_images/grid.png _images/grid_top_side_bottom_view.png

Color information can also be incorporated to the descriptor in order to increase its discriminative power. The color component of the descriptor is computed with an m_c \times m_c \times m_c grid similar to the one used for the shape component, but a color histogram is generated for each cell based on the colors of the points that belong to it. Point cloud color is represented in the HSV space and the hue values are accumulated in histograms with l_c bins. Similarly to shape component computation, normalization with respect to number of points is performed. Additionally, interpolation of histograms samples may also be performed. The shape and color components are concatenated, resulting in the final descriptor.

Query and train descriptors are matched using a nearest neighbor search approach. After that, for each matched object instance, a coarse pose is computed using the alignment transforms obtained from the reference frames of the respective query and train partial views. Given the transforms [\mathbf{R_{q}} | \mathbf{t_{q}}] and [\mathbf{R_{t}} | \mathbf{t_{t}}] that align the query and train partial views, respectively, the object coarse pose [\mathbf{R_{c}} | \mathbf{t_{c}}] is obtained by

\begin{bmatrix}
\mathbf{R_{c}} & \mathbf{t_{c}} \\
\mathbf{0} & 1
\end{bmatrix}=
{\begin{bmatrix}
\mathbf{R_{q}} & \mathbf{t_{q}} \\
\mathbf{0} & 1
\end{bmatrix}}^{-1}
\begin{bmatrix}
\mathbf{R_{t}} & \mathbf{t_{t}} \\
\mathbf{0} & 1
\end{bmatrix}.

The coarse pose [\mathbf{R_{c}} | \mathbf{t_{c}}] can then be refined using the Iterative Closest Point (ICP) algorithm.

Estimating GASD features

The Globally Aligned Spatial Distribution is implemented in PCL as part of the pcl_features library.

The default values for color GASD parameters are: m_s=6 (half size of 3), l_s=1, m_c=4 (half size of 2) and l_c=12 and no histogram interpolation (INTERP_NONE). This results in an array of 984 float values. These are stored in a pcl::GASDSignature984 point type. The default values for shape only GASD parameters are: m_s=8 (half size of 4), l_s=1 and trilinear histogram interpolation (INTERP_TRILINEAR). This results in an array of 512 float values, which may be stored in a pcl::GASDSignature512 point type. It is also possible to use quadrilinear histogram interpolation (INTERP_QUADRILINEAR).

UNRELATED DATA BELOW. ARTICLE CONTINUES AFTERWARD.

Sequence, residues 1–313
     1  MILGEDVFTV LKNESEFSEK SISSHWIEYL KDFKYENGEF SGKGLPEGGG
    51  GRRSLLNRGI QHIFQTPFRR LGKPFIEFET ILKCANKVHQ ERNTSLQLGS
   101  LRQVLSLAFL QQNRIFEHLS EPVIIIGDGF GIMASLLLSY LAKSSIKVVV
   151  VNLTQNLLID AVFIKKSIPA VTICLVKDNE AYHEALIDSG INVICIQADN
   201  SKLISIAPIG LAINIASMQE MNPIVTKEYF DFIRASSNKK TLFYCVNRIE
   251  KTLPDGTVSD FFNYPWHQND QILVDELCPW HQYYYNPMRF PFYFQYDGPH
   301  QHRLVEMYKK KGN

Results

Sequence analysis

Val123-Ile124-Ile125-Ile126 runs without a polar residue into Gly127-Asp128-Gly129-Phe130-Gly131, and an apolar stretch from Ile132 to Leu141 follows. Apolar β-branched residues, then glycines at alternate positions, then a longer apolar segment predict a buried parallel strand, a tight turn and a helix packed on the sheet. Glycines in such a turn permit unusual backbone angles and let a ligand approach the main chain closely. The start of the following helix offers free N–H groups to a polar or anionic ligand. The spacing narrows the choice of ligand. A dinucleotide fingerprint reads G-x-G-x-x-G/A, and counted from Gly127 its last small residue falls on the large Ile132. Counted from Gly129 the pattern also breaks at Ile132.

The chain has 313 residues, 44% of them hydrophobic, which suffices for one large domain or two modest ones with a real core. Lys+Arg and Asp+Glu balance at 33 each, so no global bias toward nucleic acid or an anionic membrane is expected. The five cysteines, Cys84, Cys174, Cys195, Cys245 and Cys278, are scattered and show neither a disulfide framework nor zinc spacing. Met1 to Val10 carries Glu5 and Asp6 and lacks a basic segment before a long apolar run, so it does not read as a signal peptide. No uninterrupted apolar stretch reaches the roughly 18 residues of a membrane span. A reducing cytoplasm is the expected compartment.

The following code snippet will estimate a GASD shape + color descriptor for an input colored point cloud.

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#include <pcl/point_types.h>
#include <pcl/features/gasd.h>

{
  pcl::PointCloud<pcl::PointXYZRGBA>::Ptr cloud (new pcl::PointCloud<pcl::PointXYZRGBA>);

  ... read, pass in or create a point cloud ...

  // Create the GASD estimation class, and pass the input dataset to it
  pcl::GASDColorEstimation<pcl::PointXYZRGBA, pcl::GASDSignature984> gasd;
  gasd.setInputCloud (cloud);

  // Output datasets
  pcl::PointCloud<pcl::GASDSignature984> descriptor;

  // Compute the descriptor
  gasd.compute (descriptor);

  // Get the alignment transform
  Eigen::Matrix4f trans = gasd.getTransform (trans);
}

The following code snippet will estimate a GASD shape only descriptor for an input point cloud.

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#include <pcl/point_types.h>
#include <pcl/features/gasd.h>

{
  pcl::PointCloud<pcl::PointXYZ>::Ptr cloud (new pcl::PointCloud<pcl::PointXYZ>);

  ... read, pass in or create a point cloud ...

  // Create the GASD estimation class, and pass the input dataset to it
  pcl::GASDEstimation<pcl::PointXYZ, pcl::GASDSignature512> gasd;
  gasd.setInputCloud (cloud);

  // Output datasets
  pcl::PointCloud<pcl::GASDSignature512> descriptor;

  // Compute the descriptor
  gasd.compute (descriptor);

  // Get the alignment transform
  Eigen::Matrix4f trans = gasd.getTransform (trans);
}
[GASD](1, 2) http://www.cin.ufpe.br/~jpsml/uploads/8/2/6/7/82675770/pid4349755.pdf

Note

@InProceedings{Lima16SIBGRAPI, author = {Joao Paulo Lima and Veronica Teichrieb}, title = {An Efficient Global Point Cloud Descriptor for Object Recognition and Pose Estimation}, booktitle = {Proceedings of the 29th SIBGRAPI - Conference on Graphics, Patterns and Images}, year = {2016}, address = {Sao Jose dos Campos, Brazil}, month = {October} }